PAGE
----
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NPR News

Shutdown Prevented By Last-Minute Deal

LINDA WERTHEIMER, host:

From NPR News, this is WEEKENDS on ALL THINGS CONSIDERED. Guy Raz is away. I'm Linda Wertheimer.

As early as Monday of this week, news stations began running countdown clocks, ticking away to a government shutdown. If those clocks had reached zero with no budget deal, parts of the government would have closed and around 800,000 federal employees would have been furloughed. Both houses of Congress and the president negotiated to the last minute, leaving the country on the edge of its seat.

Ms. DEBORAH FEYERICK (Correspondent, CNN): Thirteen hours left for lawmakers to reach a budget deal and prevent that government shutdown.

Unidentified Woman #1: Twelve hours to go.

Unidentified Man #1: Less than nine hours left until the federal government...

Unidentified Man #2: ...to shutdown just six hours from now.

Unidentified Man #3: In five hours and counting...

Unidentified Man #4: Four hours and 44 minutes.

Unidentified Man #5: Four and a half hours.

Unidentified Man #6: Countdown to the shutdown. Now we're at the three hours...

Mr. SEAN HANNITY (Host, "RealClearPolitics"): We are nearing the midnight hour. At which time, the federal government will effectively shutdown. And no deal...

Unidentified Man #7: ...shutting down.

Unidentified Woman #2: Shutdown.

Unidentified Woman #3: Shutdown.

Representative JOHN BOEHNER (Republican, Ohio; Speaker of the House): Good evening, everyone. I'm pleased that Senator Reid and I and the White House have been able to come to an agreement that will, in fact, cut spending and keep our government open.

WERTHEIMER: That was Speaker of the House John Boehner announcing the last-minute deal that prevented that government shutdown. The proposed budget bill would trim $39 billion from current government spending.

Joining us to talk more about what will be in that package is NPR's Capitol Hill reporter Audie Cornish.

So, Audie, in the end, how did it come together?

AUDIE CORNISH: Essentially, negotiators shook hands on the deal around 10:30 last night, and it went right to the wire, of course, because the government was slated to shut down at midnight.

Two things changed. One, Democrats were able to negotiate more of the spending cuts to come from mandatory spending, such as entitlement programs. And they also were able to cut another $3 billion from defense programs.

The second thing that happened is that there was some movement made with some of the controversial provisions of the bill known as policy writers. And the most controversial one was about family planning programs, funding for women's health and clinics around the country. And now, that vote is going to be held essentially separately from the final budget bill.

WERTHEIMER: And it's also true, isn't it, that the Democrats came up on the number.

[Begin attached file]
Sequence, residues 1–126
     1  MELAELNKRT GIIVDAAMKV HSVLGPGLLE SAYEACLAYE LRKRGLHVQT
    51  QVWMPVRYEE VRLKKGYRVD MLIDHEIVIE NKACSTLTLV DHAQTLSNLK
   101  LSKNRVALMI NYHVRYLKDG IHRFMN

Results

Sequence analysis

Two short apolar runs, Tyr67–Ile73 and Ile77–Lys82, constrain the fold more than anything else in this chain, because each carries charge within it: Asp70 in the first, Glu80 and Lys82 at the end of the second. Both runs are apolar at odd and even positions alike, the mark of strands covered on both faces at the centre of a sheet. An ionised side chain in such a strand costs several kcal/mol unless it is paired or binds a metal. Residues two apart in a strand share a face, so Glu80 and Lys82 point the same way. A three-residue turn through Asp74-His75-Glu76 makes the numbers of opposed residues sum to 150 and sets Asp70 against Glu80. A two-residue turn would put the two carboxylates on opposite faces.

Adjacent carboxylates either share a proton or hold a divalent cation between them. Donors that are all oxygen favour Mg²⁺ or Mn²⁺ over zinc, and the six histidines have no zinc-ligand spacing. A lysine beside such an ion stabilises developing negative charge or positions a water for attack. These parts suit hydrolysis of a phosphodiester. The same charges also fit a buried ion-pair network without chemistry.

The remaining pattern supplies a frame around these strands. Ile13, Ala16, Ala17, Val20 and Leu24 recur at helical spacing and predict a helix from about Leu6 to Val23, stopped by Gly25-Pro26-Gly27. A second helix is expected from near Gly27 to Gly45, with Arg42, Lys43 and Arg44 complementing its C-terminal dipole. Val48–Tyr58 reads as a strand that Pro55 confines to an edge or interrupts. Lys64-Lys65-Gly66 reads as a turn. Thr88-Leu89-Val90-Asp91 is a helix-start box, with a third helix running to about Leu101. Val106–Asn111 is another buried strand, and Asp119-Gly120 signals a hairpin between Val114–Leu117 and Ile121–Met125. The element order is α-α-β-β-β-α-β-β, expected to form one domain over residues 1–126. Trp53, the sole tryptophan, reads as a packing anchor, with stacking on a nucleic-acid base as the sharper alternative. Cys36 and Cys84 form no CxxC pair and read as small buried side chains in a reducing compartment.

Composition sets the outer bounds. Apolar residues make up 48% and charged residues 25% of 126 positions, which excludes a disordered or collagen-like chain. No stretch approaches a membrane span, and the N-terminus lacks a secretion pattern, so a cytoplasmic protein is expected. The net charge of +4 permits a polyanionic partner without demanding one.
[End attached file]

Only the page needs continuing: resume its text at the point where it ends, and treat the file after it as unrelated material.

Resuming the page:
CORNISH: They did. I mean, essentially, Democrats have come up quite far from the number they originally had pitched way back a few weeks ago, which is, you know, started out at $6 billion or something like that. And in the end, this deal is roughly thirty-eight and a half. And they had to come up in number in order to get Republicans to back off those controversial policy provisions that Democrats have been fighting.

WERTHEIMER: So something for everybody in this package. Who's happy about it the morning after?

CORNISH: Well, maybe as a sign of good compromise, no one is. Talking to some Democrats today, they're saying we should not have been in a position for the government to shut down, that this went too far. Talking to some Republicans today, talked to a freshman with some Tea Party backing, and he essentially said this is a drop in the bucket. You know, this is a tiny amount of spending. At the end of the day, this bill would reduce the deficit by 2.5 percent.

And they felt like they didn't get all the cuts they wanted and they didn't get a lot of the policy provisions that they wanted. What they're hoping is that -Republicans anywhere are hoping that this sets the stage for further discussions down the line, the next budget, 2012, and maybe the raising of the debt ceiling.

WERTHEIMER: But we are finished with 2011?

CORNISH: We're kind of finished with 2011. Right now, you've got the Appropriations Committee staff working on each little detail, because essentially, lawmakers voted on this slight unseen. They don't even really exactly know what's in it. But the appropriators right now are trying to figure out line by line which programs will get which exact amount of the trim. And you're going to see a final vote. You're going to see this move through both chambers in the middle of this week.

WERTHEIMER: Thanks very much, Audie.

CORNISH: Thank you, Linda.

WERTHEIMER: NPR's congressional reporter Audie Cornish. Transcript provided by NPR, Copyright NPR.